Fleuve Nyanga et ses Environs
Lac Diboundi dans les environs du village Bangondo 2
Fleuve Nyanga, déplacement  à bord d’une pirogue
Rivière Louvasi en aval


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  • Site number: 
  • Area: 
    251,151.1 ha
  • Designation date: 
  • Coordinates: 
    02°55'S 12°01'E
Materials presented on this website, particularly maps and territorial information, are as-is and as-available based on available data and do not imply the expression of any opinion whatsoever on the part of the Secretariat of the Ramsar Convention concerning the legal status of any country, territory, city or area, or of its authorities, or concerning the delimitation of its frontiers or boundaries.


Characterized by a range of habitats including dryland gallery forests, swamp forests and river bodies, the Loubetsi-Nyanga is an important biological reserve which supports varied flora, macroinvertebrates, fish, reptiles, birds and terrestrial mammals, and provides refuge for several notable species including the forest elephant, gorilla, chimpanzee, hippopotamus, hyena, leopard, lycaon and the giant ground pangolin. The Site is also home to the Nile crocodile (Crocodylus niloticus), African dwarf crocodile (Osteolaemus tetraspis) and the critically endangered slender-snouted crocodile (Mecistops cataphractus). The hydrological functions of the Site include sediment retention, flood control and groundwater recharge. The local communities, estimated at 12,500 inhabitants, are highly dependent on the numerous resources of the Site for food, medicine, transportation and goods for trading with nearby towns. Slash-and-burn agricultural practices, poaching, and illegal logging are the major threats to the Site.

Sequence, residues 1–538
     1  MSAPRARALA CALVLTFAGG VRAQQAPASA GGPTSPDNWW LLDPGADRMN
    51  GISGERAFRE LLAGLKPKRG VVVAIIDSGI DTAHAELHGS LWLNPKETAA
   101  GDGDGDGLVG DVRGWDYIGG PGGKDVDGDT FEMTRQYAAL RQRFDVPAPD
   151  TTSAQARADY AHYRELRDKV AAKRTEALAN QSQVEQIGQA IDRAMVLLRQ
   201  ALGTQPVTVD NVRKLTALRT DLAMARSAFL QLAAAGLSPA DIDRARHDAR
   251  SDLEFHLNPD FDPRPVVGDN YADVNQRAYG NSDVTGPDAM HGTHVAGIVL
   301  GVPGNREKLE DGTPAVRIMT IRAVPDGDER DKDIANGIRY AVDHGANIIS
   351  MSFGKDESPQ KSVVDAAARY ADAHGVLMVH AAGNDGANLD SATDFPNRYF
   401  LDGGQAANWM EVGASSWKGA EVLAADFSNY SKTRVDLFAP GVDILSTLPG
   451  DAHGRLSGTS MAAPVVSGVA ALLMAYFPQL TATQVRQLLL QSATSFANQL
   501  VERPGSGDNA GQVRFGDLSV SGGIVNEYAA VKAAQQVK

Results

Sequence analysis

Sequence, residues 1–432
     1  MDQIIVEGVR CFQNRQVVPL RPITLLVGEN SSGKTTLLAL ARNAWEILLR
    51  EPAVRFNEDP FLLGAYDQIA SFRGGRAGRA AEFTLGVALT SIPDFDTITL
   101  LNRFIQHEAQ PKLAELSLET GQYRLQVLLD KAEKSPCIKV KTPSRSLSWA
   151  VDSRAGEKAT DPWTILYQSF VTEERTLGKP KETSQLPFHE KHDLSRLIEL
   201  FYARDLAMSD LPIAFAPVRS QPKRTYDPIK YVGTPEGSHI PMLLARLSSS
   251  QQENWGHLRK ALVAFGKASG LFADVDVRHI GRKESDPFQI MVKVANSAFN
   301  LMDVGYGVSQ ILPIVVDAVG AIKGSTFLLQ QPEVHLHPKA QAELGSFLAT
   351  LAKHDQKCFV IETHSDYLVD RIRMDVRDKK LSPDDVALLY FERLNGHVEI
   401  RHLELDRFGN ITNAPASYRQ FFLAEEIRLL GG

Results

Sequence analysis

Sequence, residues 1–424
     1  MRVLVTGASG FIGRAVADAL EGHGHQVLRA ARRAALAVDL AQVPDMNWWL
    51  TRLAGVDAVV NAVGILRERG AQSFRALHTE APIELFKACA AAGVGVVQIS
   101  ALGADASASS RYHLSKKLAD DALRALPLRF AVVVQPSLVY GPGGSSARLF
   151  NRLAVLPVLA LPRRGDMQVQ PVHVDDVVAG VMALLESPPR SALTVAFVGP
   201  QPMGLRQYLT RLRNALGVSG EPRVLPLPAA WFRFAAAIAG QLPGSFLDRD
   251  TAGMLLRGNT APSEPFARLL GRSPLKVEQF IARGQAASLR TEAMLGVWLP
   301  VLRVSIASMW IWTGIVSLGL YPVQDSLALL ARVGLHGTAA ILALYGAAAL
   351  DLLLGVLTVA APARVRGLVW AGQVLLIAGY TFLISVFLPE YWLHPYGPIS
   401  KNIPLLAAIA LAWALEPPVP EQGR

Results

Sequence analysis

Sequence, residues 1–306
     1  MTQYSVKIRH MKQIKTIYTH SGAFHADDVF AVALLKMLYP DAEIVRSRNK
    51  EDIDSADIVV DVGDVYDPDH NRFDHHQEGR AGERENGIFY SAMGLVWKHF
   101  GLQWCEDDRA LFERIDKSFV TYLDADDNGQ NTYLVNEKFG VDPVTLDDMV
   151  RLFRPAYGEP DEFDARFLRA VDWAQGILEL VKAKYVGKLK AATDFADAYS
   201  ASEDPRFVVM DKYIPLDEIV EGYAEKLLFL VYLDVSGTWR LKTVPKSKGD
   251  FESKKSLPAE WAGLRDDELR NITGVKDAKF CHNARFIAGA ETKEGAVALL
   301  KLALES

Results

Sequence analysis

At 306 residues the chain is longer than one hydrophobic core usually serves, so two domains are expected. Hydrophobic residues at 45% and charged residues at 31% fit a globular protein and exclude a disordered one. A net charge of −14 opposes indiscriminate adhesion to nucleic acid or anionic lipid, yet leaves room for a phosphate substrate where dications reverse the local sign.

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Ramsar Information Sheet (RIS)